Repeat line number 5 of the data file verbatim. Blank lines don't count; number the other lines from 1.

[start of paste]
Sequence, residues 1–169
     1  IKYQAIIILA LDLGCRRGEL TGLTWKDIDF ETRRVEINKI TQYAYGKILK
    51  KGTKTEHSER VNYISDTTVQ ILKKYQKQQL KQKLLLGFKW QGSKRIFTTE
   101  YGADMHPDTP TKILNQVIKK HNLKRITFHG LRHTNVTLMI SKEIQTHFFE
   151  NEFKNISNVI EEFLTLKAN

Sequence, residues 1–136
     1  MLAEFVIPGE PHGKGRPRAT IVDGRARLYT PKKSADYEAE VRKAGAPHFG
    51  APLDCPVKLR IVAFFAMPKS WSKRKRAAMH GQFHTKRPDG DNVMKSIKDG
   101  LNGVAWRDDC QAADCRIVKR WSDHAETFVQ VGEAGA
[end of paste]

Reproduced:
   151  NEFKNISNVI EEFLTLKAN